I don’t know what to tell you about Babylon.
BUT if you listen to nothing else, follow these three rules.
- You have to watch this movie
- You have to watch it on the big screen
- Stop reading now – less you know, the better.
I knew you wouldn’t listen!
Well shot? Outstanding!
Cast? Star studded, of course!
Storyline! More like storylines. Everyone’s the hero in this movie.
I left the dark catacombs of the cinema thinking: “What did I just watch?” Babylon left me reeling!
The excessive lifestyle of early 20th century movie studios. The ups and downs of life on set. The difficulty for actors in those days to go from silent movies to talking pictures. The insensitivity of the industry.
Babylon opens with an introduction to Manny Torres (Diego Calva), trying to get an elephant up a mountain to a wild party! Sound ridiculous? We’re just getting started.
At this party we’re also introduced to the whirlwind that is Nellie Laroy (Margot Robbie) and the superstar of silent film, Jack Conrad (Brad Pitt). We learn of Sidney, a jazz trumpet player (Jovan Adepo), and Lady Fay Zhu (Li Jun Li), a cabaret singer. While well-known actors make an appearance, the resident gossip writer Elinor St. John (Jean Smart) puts it all down for print.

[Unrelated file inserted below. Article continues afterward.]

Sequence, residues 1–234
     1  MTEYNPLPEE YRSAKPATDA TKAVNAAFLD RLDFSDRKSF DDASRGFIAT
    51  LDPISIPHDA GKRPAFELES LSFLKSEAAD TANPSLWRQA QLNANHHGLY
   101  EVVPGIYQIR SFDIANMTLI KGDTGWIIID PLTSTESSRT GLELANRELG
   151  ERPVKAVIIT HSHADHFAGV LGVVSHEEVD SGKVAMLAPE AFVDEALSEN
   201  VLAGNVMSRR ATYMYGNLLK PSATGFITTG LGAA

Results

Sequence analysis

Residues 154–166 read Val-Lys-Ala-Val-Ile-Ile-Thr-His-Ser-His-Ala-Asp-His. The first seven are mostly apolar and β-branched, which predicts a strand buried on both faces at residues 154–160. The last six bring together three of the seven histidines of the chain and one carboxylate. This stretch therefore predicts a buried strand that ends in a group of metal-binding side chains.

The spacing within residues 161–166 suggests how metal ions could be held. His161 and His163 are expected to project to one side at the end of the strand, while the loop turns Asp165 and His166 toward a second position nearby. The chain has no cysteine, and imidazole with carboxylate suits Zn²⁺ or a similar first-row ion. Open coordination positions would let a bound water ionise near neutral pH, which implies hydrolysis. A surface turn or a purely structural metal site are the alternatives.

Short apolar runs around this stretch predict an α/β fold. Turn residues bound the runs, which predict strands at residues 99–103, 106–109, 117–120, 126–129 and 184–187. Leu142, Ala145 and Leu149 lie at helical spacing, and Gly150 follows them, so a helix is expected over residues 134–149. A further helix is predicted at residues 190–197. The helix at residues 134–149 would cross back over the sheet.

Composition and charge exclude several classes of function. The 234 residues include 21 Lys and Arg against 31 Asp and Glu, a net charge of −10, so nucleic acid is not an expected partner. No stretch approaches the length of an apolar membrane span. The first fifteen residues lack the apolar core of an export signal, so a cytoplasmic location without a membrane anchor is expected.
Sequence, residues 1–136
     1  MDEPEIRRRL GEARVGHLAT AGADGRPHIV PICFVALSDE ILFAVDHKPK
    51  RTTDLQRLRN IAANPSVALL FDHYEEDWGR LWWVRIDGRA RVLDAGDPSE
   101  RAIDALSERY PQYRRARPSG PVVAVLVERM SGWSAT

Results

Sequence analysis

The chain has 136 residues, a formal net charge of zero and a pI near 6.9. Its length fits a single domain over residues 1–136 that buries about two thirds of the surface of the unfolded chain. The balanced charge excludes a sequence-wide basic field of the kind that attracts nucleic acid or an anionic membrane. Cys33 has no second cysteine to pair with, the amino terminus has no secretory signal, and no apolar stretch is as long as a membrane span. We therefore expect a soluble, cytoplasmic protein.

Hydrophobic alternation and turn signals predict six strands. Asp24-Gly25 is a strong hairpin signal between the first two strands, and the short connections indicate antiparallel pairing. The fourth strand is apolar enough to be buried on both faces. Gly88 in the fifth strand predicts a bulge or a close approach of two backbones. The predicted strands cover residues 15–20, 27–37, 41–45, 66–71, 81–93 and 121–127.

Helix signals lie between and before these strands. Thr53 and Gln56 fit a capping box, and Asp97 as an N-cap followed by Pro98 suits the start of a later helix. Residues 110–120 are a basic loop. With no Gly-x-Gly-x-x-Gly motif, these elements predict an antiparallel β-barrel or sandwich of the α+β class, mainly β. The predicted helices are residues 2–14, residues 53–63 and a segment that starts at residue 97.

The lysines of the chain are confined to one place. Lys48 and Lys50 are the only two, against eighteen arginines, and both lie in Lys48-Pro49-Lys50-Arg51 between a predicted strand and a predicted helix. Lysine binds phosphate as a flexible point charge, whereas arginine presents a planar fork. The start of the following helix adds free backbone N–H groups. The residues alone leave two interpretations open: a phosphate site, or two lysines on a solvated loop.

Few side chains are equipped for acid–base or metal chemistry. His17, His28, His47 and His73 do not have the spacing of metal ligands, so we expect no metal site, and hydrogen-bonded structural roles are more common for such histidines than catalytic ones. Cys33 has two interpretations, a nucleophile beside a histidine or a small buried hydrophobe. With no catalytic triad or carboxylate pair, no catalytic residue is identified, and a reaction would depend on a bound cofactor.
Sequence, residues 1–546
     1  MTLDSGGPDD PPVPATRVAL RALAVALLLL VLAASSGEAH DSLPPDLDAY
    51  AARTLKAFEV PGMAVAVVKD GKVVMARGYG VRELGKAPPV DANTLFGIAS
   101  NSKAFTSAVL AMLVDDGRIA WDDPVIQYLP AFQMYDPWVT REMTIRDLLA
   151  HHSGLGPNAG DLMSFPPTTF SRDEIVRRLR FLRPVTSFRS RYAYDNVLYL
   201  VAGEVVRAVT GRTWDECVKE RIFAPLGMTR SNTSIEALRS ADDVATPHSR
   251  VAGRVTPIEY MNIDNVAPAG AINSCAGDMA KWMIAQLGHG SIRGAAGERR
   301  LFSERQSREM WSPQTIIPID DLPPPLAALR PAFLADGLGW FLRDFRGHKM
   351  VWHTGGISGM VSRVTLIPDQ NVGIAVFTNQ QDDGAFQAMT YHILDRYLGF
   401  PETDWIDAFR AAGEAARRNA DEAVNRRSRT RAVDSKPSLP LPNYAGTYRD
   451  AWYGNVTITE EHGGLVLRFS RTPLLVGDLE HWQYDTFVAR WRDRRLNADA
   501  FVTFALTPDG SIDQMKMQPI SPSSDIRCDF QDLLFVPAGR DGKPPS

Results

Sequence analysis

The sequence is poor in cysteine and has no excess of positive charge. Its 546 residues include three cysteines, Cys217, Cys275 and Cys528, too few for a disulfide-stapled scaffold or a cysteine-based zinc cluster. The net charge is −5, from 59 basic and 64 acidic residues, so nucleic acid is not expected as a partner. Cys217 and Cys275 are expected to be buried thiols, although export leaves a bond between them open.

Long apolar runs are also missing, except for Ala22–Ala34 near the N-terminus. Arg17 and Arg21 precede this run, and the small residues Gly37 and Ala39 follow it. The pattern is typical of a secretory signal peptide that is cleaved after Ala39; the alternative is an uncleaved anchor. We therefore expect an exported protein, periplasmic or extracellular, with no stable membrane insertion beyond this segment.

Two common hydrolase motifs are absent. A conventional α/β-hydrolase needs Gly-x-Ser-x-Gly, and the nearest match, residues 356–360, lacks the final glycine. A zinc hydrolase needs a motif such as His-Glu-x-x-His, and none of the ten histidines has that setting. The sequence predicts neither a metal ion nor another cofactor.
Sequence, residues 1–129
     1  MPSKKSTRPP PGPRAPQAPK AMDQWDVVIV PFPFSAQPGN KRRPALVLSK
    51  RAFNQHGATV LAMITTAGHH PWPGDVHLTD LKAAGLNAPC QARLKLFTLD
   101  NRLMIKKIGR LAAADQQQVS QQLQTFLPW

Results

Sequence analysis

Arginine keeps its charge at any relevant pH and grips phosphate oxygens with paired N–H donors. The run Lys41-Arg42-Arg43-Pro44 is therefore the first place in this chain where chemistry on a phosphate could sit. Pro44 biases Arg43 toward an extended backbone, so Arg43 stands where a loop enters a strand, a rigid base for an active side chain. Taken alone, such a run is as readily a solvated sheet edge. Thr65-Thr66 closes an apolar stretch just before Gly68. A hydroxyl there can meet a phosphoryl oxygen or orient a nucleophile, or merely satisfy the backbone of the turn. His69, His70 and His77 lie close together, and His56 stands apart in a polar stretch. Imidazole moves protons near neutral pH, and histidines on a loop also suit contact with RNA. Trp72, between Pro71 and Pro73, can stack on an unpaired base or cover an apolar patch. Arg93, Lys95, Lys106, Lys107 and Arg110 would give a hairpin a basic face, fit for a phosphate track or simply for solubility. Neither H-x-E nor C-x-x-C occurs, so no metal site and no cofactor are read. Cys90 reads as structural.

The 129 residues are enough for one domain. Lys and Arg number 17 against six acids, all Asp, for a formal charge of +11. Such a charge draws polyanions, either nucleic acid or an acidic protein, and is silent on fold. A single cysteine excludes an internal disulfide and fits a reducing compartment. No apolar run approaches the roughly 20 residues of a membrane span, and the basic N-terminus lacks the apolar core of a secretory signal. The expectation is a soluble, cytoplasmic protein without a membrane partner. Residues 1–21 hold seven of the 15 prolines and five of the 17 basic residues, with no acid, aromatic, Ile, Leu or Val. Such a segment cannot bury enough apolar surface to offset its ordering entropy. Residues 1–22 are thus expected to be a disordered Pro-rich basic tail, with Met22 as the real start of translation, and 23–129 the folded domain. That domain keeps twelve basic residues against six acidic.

The opening party scene at Hollywood producer Don Wallach’s home (Jeff Garlin) sets the tone for the chaos you’re about to endure. Whatever your preconceptions of the Roaring Twenties may have been, Director Damien Chazelle takes things to whole new level with his no-holds-barred approach to the folks who put in a lot of effort during the day and even more at night.
Mannie, Nellie and Sydney all “make it” in Hollywood!
On the surface Babylon is chaos and mayhem but there are some deeper truths explored: the difficulties behind the scenes, the seedy characters that don’t necessarily just lurk in the shadows, the emphasis on making money, the ambition and sometimes the pure luck or “right time right place” circumstance that has given many actors their start in Hollywood. All sorts of nuances are explored in Babylon.
Mannie, Nelly, Sydney, Lady Fay Zhu, even Jack Conrad, are unaware that they are just cogs in the money-making wheel that is the movie industry. “Everyone’s replaceable”, evident right in the beginning when Nellie gets her “lucky break”.
The rule for Babylon was that the onscreen action, if feasible, had to happen in front of the camera for real—as it did in the silent era. In an age where complete action sequences can be digitally produced, Chazelle insisted on recreating the stunts and vintage effects that early actors and production teams shot on a regular basis. More than 30 stunt actors, 10 riders, a full 30-piece orchestra, intricate fight choreography, and countless explosions created and executed by Special Effects Coordinator Elia Popov were used in the battlefield scene alone.
Be prepared, Babylon is a long movie. BUT, if you’re ready for a rollercoaster of highs and lows, laughs and gasps, make no mistake, you’ll be entertained by this one.